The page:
I’ve never liked winter……the cold, the snow, the ice, the grey skies. Nova Scotia winters are hard, and unpredictable….
This winter has been an especially bad one, not weather wise so much, but for loss. Milford House lost 3 of its most cherished long time guests between November and March.
In November we lost Melda Murray. I still can’t believe it by times. Rick and Melda came at least twice a season, often 3 times. They brought their son and his family. Always in North, always at the same table, always in the sitting room after breakfast, a constant, a piece of Milford House. A bubbly, chatty, very classy lady who became my friend and mentor over the years.
Then Tim Coggeshall, dear old Tim, who continued to visit Milford House even after his wife “Luby” died. He came because he said he felt close to her here. His girls came with him, and sometimes his grandchildren. He had been coming for decades, this photo was taken 2 years ago when he was 93, walking up the cabin road, without a care in the world. He loved nothing more than telling stories of the old days, and when he married Eddie Breck’s granddaughter. He was more than a guest, he was a part of our history.
Then just recently we lost John Hentz. John knew everybody, and everyone knew John and Dee. John was one of the original shareholders who bought Milford House from the Thomas family. He had served on the board for years, supporting Milford House financially and personally. In 2012 we named a cabin in his honor, what was once Lakeside became the Hentz cabin. Anyone that remembers John will recall him ‘holding court’ in the sitting room after meals, Dee by his side quietly doing her needlework. John and Dee hadn’t been able to come to Milford House for the past few years, but he always kept in touch and would call Charlie every now and then to see how things were going.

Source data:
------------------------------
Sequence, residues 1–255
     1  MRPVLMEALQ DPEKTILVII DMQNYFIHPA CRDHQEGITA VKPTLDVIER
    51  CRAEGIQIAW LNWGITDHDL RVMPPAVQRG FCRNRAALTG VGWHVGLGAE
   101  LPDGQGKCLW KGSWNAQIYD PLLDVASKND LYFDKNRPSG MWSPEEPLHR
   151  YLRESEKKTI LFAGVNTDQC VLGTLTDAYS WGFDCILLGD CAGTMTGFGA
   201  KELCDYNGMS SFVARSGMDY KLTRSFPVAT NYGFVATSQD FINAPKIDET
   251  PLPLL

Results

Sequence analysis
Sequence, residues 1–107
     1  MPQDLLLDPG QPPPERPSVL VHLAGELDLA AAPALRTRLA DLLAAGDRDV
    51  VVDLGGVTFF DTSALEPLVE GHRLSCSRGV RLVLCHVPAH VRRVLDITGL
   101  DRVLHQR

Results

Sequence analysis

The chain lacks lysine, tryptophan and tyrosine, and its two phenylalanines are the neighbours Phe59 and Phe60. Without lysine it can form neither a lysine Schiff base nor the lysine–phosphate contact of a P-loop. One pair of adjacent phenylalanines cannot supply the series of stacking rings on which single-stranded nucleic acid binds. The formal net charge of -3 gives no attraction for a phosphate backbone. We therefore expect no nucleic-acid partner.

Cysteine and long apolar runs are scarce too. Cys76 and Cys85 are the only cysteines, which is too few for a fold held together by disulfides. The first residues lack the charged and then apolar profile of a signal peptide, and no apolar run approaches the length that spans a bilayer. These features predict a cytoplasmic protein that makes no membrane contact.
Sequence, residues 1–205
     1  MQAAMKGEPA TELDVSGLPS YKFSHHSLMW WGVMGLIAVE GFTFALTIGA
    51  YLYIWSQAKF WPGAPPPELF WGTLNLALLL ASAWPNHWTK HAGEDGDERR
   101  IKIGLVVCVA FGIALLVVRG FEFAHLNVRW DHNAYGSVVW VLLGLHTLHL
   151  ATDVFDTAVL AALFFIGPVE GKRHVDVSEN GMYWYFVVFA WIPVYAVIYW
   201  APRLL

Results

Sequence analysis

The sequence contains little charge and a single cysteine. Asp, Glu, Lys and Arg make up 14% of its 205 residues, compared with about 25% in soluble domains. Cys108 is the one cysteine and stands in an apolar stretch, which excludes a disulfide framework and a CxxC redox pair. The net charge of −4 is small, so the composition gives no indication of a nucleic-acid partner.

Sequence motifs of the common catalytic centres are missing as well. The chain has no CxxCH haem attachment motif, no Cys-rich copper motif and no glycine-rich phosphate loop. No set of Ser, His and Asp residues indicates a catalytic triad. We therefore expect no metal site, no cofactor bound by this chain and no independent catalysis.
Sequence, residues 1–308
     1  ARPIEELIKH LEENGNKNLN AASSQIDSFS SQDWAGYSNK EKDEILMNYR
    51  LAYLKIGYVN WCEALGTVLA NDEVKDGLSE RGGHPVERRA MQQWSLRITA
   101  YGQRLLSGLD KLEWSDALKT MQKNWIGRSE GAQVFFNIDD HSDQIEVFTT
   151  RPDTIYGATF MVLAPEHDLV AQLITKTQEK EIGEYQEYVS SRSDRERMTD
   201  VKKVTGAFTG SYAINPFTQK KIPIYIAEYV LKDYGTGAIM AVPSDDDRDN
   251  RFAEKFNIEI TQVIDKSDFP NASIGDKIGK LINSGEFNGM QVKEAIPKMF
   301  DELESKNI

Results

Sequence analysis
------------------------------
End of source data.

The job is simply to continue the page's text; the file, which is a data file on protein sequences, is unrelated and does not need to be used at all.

We mourn the loss of these treasures. But their spirits will live on at Milford House, in the Lodge, on the cabin road, in our minds and in our hearts.
MILFORD MEMORIES, 1950’S-1960’S
Compiled by Jean Caldwell Tyler, 1998-9
With memories, corrections, and comments contributed by Jean, Caroline McNeil (Tippy), Cadwell Tyler (Ty), and Humphrey Tyler.
The Tylers first ventured forth to Milford House in the early 1950’s, Cadwell, Jean and their four children, aged six to twelve. We set out from New York State in one of the cast station wagons of the day, a canoe on top stuffed with fishing and camping equipment and “The Body” – rain gear and heavy sweaters for six, all shrouded in my father’s raincoat. The car tended to ride low to the ground. We were going for a month and my mother believed in packing for any eventuality.
We children were firmly settled two by two in the back seats, with a wall of suitcases and gear between us to discourage roughhousing, bickering and indeed, any contact at all. After the first few miles, the strict rotation of seats among the children, meticulously and even obsessively planned in advance, had to be abandoned, with the children most likely to be carsick placed strategically ready for quick exits. After the first experience of carsickness in the “way back” as we called the third row of seats, the rest of us grudgingly accepted the wisdom of this move, though we continued to harbor suspicions that our hapless sibling was doing it on purpose.
There were no interstate highways in those days, and getting to Milford was a least a three-day trip. We left before dawn on the first day, drove relentlessly all the way to Blue Hill,
To download and read the rest of Jeanie’s story, Milford Memories